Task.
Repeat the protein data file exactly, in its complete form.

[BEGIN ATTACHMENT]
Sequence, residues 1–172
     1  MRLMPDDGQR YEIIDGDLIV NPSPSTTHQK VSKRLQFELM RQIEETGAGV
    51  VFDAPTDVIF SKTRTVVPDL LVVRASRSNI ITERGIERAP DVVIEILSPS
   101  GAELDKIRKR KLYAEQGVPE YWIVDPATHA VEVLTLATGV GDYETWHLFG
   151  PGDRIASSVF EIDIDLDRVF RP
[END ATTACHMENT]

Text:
Sequence, residues 1–172
     1  MRLMPDDGQR YEIIDGDLIV NPSPSTTHQK VSKRLQFELM RQIEETGAGV
    51  VFDAPTDVIF SKTRTVVPDL LVVRASRSNI ITERGIERAP DVVIEILSPS
   101  GAELDKIRKR KLYAEQGVPE YWIVDPATHA VEVLTLATGV GDYETWHLFG
   151  PGDRIASSVF EIDIDLDRVF RP